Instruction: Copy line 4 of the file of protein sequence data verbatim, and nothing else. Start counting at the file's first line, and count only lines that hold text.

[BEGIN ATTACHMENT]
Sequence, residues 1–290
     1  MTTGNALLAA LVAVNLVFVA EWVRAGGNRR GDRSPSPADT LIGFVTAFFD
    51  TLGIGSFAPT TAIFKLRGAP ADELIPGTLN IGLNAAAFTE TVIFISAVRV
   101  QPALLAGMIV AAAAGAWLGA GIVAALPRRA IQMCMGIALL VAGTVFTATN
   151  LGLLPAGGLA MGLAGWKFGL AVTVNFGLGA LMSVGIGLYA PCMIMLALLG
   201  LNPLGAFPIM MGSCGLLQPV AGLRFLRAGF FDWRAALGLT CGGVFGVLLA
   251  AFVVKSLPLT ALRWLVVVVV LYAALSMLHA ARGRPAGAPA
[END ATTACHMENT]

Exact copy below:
   101  QPALLAGMIV AAAAGAWLGA GIVAALPRRA IQMCMGIALL VAGTVFTATN